Here’s how you do it in OS X’s Calendar: Go to Preferences (Calendar > Preferences) and go to the Alerts tab. Here’s a screenshot of how I have it setup.
In Google Calendar it’s a little trickier to find. Go to Gear icon (top right) > Settings. Then Go to the Calendar tab and it show you all your calendar. Under the Notifications column, click on the Reminders and notifications link to change your alert settings.
Now you can add default reminders, as shown below:
6. Your Favorite Subscriptions
An underutilized feature of calendars is the subscription feature. You can subscribe to specific feeds (read-only) and see all important events coming up.
For example, I have my stock portfolio set up via Google Finance and it automatically subscribes me to a feed that shows me when all earning calls will be of companies I’ve invested in. That way I don’t have to manually add those events every quarter to my calendar.
There aren’t many useful subscription feeds out there (I suspect because many people don’t know this feature exists) but they are really useful if you find the ones you want.
Due to the lack of subscription feeds, most websites offer a way to stay updated by downloading an ICS file (.ics extension) so you can import events onto your calendar.
Here are some ideas for using subscriptions and importing events:
- Import your favorite sports team schedule(s) – you will likely have to go to their official website and find it there.
- Public holidays – always a good idea to know when these take place. Especially if you travel a lot to the same countries.
- Birthdays of friends – you can sync your Calendar with Facebook and it shows you all your friends’ birthdays.
7. Add Additional Time Zones
If you’re frequently dealing with different time zones, it’s a good idea to add an additional time zone to your calendar. Instead of (incorrectly) calculating the different times, you can easily switch time zones in your calendar.
In OS X’s Calendar it’s easy to add time zones. First you have to enable time zone support. Go to Preferences and under the Advanced tab you tick the box to turn on time zone support.
Now on the top right corner of the Calendar, you will see a time zone pull down menu. Here you can add additional time zones and switch between them.
In Google Calendar it’s easy to set up too. Go to Settings and under the General tab you can add additional time zones. The view in the calendar is different though as you can’t switch between time zones. Instead, you’ll see on the left how the times compare between different time zones.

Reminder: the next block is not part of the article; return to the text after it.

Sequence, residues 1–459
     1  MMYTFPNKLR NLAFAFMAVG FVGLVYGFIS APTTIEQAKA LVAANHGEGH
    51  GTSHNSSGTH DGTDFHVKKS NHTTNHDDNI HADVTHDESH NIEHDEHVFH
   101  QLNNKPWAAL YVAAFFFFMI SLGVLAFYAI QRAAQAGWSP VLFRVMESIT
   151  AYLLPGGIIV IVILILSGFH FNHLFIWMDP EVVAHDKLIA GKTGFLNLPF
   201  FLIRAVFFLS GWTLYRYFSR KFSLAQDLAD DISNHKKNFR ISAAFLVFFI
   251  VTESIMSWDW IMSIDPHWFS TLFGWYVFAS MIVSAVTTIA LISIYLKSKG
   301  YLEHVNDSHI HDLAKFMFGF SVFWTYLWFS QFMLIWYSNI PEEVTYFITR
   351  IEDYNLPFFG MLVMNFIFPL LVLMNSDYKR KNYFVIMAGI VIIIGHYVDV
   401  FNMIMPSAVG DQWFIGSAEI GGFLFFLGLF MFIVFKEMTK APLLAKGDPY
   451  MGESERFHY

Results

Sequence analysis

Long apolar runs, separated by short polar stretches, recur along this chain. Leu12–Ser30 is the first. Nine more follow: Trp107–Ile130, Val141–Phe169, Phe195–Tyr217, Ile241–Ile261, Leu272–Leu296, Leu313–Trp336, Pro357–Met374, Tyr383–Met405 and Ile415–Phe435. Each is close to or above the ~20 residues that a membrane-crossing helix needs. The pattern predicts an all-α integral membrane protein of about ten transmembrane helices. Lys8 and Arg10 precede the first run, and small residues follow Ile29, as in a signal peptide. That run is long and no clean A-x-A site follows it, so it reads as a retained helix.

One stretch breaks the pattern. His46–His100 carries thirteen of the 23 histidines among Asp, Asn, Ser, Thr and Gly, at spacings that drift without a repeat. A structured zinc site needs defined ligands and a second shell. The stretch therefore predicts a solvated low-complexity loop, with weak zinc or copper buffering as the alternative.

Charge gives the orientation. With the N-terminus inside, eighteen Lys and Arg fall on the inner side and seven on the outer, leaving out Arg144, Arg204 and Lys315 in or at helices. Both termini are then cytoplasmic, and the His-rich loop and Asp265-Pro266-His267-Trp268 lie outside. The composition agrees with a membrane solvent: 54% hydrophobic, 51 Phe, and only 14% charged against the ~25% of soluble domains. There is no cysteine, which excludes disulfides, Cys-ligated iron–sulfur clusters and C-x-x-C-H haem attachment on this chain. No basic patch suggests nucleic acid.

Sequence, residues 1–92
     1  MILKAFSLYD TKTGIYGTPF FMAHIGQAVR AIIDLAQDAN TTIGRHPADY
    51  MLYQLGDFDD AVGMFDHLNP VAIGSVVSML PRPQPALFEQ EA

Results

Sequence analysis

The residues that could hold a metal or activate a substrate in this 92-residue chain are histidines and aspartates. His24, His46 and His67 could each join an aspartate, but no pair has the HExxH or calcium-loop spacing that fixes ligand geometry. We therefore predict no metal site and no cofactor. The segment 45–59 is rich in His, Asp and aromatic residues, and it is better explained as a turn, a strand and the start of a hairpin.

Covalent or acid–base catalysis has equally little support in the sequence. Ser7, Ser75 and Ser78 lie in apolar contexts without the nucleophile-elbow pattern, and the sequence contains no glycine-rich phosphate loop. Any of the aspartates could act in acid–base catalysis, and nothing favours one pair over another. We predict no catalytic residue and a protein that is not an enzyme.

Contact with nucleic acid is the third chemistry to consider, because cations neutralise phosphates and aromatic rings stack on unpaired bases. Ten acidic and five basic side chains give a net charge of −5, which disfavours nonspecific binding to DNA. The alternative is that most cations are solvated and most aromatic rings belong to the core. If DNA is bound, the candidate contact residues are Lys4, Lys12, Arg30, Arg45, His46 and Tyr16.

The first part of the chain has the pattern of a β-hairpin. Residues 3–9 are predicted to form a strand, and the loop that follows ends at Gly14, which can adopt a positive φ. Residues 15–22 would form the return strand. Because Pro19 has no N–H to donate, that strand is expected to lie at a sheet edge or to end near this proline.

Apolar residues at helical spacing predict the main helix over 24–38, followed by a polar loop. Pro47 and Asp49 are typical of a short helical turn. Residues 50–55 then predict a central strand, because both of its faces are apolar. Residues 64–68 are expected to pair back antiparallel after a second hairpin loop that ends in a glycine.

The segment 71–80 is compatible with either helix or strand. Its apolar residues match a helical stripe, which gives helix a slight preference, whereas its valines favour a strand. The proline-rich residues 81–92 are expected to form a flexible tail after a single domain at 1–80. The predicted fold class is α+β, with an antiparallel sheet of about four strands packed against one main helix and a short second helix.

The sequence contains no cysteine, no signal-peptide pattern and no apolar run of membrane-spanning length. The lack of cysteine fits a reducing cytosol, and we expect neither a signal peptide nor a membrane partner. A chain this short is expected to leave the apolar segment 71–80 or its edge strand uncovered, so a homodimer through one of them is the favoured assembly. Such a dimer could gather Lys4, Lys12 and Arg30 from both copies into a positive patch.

There you have it. Seven tips to help you get more out of your calendar. Implement them one by one and it will change your life. I’m not kidding. Do it! :-)
No to No.4
“You simply create a new event with a 5 minute duration and name the event with something you want to remind yourself with. Then set an alert to “on date of event” and you’re set.”
This is like using your email inbox as a todo list. A calendar is for appointments an time sensitive events that will block you at the specified time. A reminder for daily/weekly review or… has to be part of your todo list in omnifocus. Cause its not time sensitive that you do your review at 7:00pm. Its just a reminder at 7:00pm but you can do it at 7:30 / 8:00 … too
To not clutter your calendar you should avoid to have non time sensitive entries.
These are great. I didn’t even realize there were keyboard shortcuts in the iCal apps and Google Calendar. Thanks for sharing! Also – my favorite tip might be to adjust the default length of events. So many meetings take 30 minutes just because thats the time we block on the calendar for them, even though they could take about 5.
When you travel to a different time zone, how do you handle your repeating DAILY reminders/alerts (in Apple calendar)? For instance: Morning Routine, Lunch, Take afternoon med, Dinner, Evening Routine, Weekly planning, Daily journaling…
Unlike live webinar/call alerts (which events occur at a specific time no matter which time zone you’re in), I don’t want my daily reminders to go off six hours earlier (my home TZ).
I couldn’t find a way to automatically adjust them to the same relative time (ex: 7am) in the new time zone, so ended up deleting or manually changing them for the two weeks I was traveling, which was kind of a pain, as I have several daily reminders.
Is there a better solution?
One thing I have struggled with is the distinctions between events on a calendar as an FYI that they are happening, versus events on a calendar which require action/attention.